Casper Stockham drops from 6th CD Aurora congressional race to face Rep. Ed Perlmutter

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AURORA | The 6th Congressional District Republican primary lost one candidate and the 7th Congressional District gained one. 

The same one, to be clear.

Casper Stockham announced Friday he was ending his bid for the 6th, where Democratic Congressman Jason Crow currently represents, and running against Congressman Ed Perlmutter instead. 

Casper Stockham

Perlmutter, a Democrat, has represented the district, which spans the northern and western Denver suburbs, since 2007. Stockham, who lives in Crow’s district, told the Sentinel he’s lived across the metro region, but believes most of his support is in Jefferson County, which is in Perlmutter’s district. 

“I know the Democrats are going to call me a carpetbagger, but most of my support has been in JeffCo and Adams County, so I’m looking forward to those conversations and a robust campaign and getting all the resources together from the party and grassroots efforts,” he said. “If we can pull that together we’ll have a good campaign.”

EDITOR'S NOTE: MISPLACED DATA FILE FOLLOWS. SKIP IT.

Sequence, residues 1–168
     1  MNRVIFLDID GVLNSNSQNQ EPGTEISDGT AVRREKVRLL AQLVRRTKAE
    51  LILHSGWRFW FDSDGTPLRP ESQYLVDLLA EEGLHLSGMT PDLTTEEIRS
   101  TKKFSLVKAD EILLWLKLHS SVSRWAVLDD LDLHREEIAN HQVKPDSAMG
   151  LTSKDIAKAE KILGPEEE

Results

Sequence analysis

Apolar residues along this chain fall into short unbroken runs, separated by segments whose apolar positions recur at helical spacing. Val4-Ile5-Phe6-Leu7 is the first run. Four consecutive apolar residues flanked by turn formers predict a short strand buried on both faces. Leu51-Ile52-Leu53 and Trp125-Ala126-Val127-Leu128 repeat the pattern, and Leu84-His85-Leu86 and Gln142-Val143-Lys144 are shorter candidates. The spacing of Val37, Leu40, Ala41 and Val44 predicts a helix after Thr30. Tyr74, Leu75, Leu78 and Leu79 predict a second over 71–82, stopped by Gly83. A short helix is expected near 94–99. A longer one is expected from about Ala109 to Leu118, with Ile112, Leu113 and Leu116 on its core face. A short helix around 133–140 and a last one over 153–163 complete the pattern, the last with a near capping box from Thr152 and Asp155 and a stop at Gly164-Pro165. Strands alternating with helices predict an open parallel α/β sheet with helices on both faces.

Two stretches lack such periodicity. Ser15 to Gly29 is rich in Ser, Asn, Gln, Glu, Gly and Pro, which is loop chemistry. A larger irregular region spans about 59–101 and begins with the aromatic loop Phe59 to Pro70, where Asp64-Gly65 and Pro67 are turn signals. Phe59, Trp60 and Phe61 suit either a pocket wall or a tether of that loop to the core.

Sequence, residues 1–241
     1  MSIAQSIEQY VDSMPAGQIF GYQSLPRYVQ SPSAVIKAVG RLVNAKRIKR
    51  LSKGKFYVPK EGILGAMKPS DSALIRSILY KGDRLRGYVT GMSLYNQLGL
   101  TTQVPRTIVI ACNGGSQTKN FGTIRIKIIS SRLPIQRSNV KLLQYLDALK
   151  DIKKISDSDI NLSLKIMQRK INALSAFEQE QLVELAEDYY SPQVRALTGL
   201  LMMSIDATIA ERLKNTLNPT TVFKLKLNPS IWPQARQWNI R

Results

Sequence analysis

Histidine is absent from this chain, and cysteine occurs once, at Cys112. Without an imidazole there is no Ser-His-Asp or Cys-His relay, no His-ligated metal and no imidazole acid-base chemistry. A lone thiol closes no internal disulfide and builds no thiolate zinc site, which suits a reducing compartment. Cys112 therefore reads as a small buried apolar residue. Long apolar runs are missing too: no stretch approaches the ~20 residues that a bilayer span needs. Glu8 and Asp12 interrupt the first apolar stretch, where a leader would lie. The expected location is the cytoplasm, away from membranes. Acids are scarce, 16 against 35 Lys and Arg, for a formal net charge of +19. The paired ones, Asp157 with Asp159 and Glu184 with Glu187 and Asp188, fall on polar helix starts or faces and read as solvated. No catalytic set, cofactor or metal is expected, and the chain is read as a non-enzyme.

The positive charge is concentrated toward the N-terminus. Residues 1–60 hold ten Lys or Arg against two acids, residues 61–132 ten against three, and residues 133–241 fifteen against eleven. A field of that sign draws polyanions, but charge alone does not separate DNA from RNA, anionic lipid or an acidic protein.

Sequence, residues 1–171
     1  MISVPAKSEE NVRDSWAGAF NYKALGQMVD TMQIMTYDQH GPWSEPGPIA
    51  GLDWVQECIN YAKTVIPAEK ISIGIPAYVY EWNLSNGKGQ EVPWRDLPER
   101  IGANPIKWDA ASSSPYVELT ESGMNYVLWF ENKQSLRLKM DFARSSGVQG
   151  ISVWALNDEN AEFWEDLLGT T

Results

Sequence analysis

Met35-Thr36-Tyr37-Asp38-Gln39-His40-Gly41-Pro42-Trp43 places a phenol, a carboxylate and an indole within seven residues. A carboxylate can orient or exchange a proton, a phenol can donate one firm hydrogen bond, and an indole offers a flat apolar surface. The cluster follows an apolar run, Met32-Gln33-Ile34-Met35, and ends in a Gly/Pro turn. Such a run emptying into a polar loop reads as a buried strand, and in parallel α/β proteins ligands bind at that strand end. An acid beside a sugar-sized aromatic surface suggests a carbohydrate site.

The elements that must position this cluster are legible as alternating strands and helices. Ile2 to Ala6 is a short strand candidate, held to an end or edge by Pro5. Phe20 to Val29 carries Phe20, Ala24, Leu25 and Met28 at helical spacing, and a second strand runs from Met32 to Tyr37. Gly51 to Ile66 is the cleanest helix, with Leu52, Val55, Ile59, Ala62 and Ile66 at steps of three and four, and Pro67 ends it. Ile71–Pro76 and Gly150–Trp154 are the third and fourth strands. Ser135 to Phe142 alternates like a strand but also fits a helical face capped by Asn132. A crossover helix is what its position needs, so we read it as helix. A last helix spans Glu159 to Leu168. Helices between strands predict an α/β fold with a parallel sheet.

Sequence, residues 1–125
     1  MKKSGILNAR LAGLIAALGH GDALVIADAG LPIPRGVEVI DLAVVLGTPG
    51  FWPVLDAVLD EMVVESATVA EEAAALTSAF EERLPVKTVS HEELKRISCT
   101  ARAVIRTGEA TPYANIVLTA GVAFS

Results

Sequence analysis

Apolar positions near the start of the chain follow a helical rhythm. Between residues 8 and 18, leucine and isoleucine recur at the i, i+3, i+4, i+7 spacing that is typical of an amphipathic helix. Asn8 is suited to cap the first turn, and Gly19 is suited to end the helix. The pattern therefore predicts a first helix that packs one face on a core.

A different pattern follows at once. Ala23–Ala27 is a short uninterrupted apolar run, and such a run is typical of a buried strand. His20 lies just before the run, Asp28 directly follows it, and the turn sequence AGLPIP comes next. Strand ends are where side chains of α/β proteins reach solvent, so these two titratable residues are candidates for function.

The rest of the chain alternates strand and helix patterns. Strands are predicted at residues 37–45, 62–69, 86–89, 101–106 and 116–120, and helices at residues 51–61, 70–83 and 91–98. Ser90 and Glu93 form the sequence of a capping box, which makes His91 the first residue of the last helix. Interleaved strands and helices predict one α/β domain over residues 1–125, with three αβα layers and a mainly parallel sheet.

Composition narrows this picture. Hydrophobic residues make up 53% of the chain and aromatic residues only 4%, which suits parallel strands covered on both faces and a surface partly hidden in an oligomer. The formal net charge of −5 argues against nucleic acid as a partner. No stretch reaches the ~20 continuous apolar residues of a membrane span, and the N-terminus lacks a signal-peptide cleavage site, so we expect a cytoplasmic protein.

Moving across district lines is not unheard of. Crow moved into his current district, from another home in Denver’s Stapleton, before being elected in 2018. Stockham said he plans to move into the 7th soon, although the coronavirus pandemic has obstructed those plans to some degree.

Steve House, the former state GOP chair who’s also running for the 6th, said he’s pleased with Stockham’s decision because he likes the idea of having a Republican in each of the congressional district races, and it helps direct resources in his primary race. 

“Less competitors has to be better for everybody else,” he said. Newcomers Ryan Gonzalez and John Szemler are also hoping to grab the Republican nomination for the seat.

When asked if he sees an easier path in running in the 7th, Stockham said “it will be if, and this is a big if — the $50k question, if you will — how much support will the party lend to a candidate in the 7th.”

Stockham said he believes his grassroots approach to be strong, but is hoping the Republican Party will put some more emphasis in the district.

“They’ve ignored the 7th all together and it’s been that way for a long time. A lot of people that make those decisions don’t think it’s worth it,” he said. “we have to spend money in all of those races to be competitive.”

Perlmutter won his seat in 2018 with 60 percent of the vote and 55 percent in 2016 and 2014.